The investment to the Sydney-based company, a joint collaboration of Saber Astronautics and TCG, forms part of the Entrepreneurs Australia incubators grant.
Saber’s CEO Dr Jason Held said Wolfpack is “a different program from anything you’ve seen in Australia”.
“Many excellent incubators know how to build downstream services start-ups, and that is good business for Australia,” he said. “But flight is where you get the best advantage because you get to own the supply. Those who build the road set the toll.”
Compared with other companies, Wolfpack connects Australian manufacturers to step forward together, such as reaching for contracts, grants and relationships with the industry as a “pack”.
Wolfpack will support new ventures planning for orbit with on-site expertise, deep-technical support to fly into space, satellite operations support and manufacturing assistance.
“This is the most inclusive, open, and progressive project we’ve ever done,” said Dr Held.
“Start-ups that would normally compete are instead supporting each other directly – they join each other’s proposals, share information, and help each other out in ways we haven’t seen elsewhere.”
Saber Astronautics manages the mission control center funded by the Australian Space Agency’s Space Infrastructure Fund (SIF) and supplies to the National Space Test Facilities (NSTF).
According to the press release, the Wolfpack Space Hub will seek external technical support “that allow sharing between companies that would normally compete”.
Some of the companies involved include Spiral Blue, a satellite computing company; Delta-V, another start-up support; Sperospace, a robotics manufacturer; and more.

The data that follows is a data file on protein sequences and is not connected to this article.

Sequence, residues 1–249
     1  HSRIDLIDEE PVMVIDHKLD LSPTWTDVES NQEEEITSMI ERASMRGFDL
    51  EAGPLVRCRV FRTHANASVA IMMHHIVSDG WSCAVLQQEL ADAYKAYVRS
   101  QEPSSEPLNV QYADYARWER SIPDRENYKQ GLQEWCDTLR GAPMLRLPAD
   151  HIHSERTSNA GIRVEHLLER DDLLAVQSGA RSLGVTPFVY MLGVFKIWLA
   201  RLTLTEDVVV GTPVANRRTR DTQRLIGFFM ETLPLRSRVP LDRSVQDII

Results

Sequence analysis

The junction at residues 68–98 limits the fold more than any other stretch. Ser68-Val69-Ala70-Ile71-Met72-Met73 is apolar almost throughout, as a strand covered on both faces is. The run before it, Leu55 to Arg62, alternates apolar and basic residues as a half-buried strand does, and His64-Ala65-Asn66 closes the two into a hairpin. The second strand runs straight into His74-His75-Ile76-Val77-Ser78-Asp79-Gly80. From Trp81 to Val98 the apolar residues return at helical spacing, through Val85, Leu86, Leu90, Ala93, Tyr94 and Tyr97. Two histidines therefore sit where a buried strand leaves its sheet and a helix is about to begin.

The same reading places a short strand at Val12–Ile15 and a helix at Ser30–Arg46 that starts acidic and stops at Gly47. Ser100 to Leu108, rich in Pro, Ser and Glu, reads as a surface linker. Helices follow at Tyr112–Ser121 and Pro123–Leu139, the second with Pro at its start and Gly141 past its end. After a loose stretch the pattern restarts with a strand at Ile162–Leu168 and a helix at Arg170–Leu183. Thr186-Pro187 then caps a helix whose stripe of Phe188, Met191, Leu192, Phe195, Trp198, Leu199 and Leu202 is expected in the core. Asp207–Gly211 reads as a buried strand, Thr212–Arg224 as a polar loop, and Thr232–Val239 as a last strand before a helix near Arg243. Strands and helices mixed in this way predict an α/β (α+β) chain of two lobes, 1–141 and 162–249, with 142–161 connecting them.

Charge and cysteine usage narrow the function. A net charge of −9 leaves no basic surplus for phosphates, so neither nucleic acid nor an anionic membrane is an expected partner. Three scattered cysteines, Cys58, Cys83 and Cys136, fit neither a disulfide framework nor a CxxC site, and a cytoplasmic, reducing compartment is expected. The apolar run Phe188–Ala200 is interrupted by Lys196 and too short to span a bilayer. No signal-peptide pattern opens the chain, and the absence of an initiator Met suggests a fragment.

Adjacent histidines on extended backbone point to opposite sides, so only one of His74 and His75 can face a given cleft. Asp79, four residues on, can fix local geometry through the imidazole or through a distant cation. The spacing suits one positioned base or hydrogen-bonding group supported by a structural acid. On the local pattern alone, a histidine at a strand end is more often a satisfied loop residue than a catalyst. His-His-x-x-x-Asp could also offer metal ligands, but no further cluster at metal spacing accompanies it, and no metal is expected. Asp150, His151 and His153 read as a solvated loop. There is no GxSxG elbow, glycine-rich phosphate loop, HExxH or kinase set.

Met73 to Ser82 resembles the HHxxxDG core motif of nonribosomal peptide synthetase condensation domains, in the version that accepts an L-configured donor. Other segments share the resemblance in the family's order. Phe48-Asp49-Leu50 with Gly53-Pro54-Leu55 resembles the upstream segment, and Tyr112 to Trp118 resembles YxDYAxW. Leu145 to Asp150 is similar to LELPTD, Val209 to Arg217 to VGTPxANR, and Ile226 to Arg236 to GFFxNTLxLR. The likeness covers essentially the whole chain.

The Morrison government has invested over $700 million into the sector since 2018 in efforts to reach a $12 billion industry, expecting to create another 20,000 jobs by 2030.
Australia has slowly increased its space efforts since the establishment of the Australian Space Agency in 2018.
One of the “barriers” of space access according to Wolfpack is “achieving flight”, which has crippled many start-ups to begin, often pivoting to data and sensor companies instead.
As part of its business strategy, Wolfpack only supports Space and tech-manufacturing-heavy companies, excluding UAVs, software-only and data businesses.
“The Wolfpack Incubator is focused on upstream space companies, both civil and defence, where manufacturing is needed and not available elsewhere,” it added.
Wolfpack Space Hub has launched at a time when other companies are also pursuing this business strategy, such as Microsoft’s Azure Space.
But the company said while it is following the footsteps of other successful brands, Wolfpack provides support “not found in traditional a start-up house”.
Receive the latest developments and updates on Australia’s space industry direct to your inbox. Subscribe today to Space Connect here.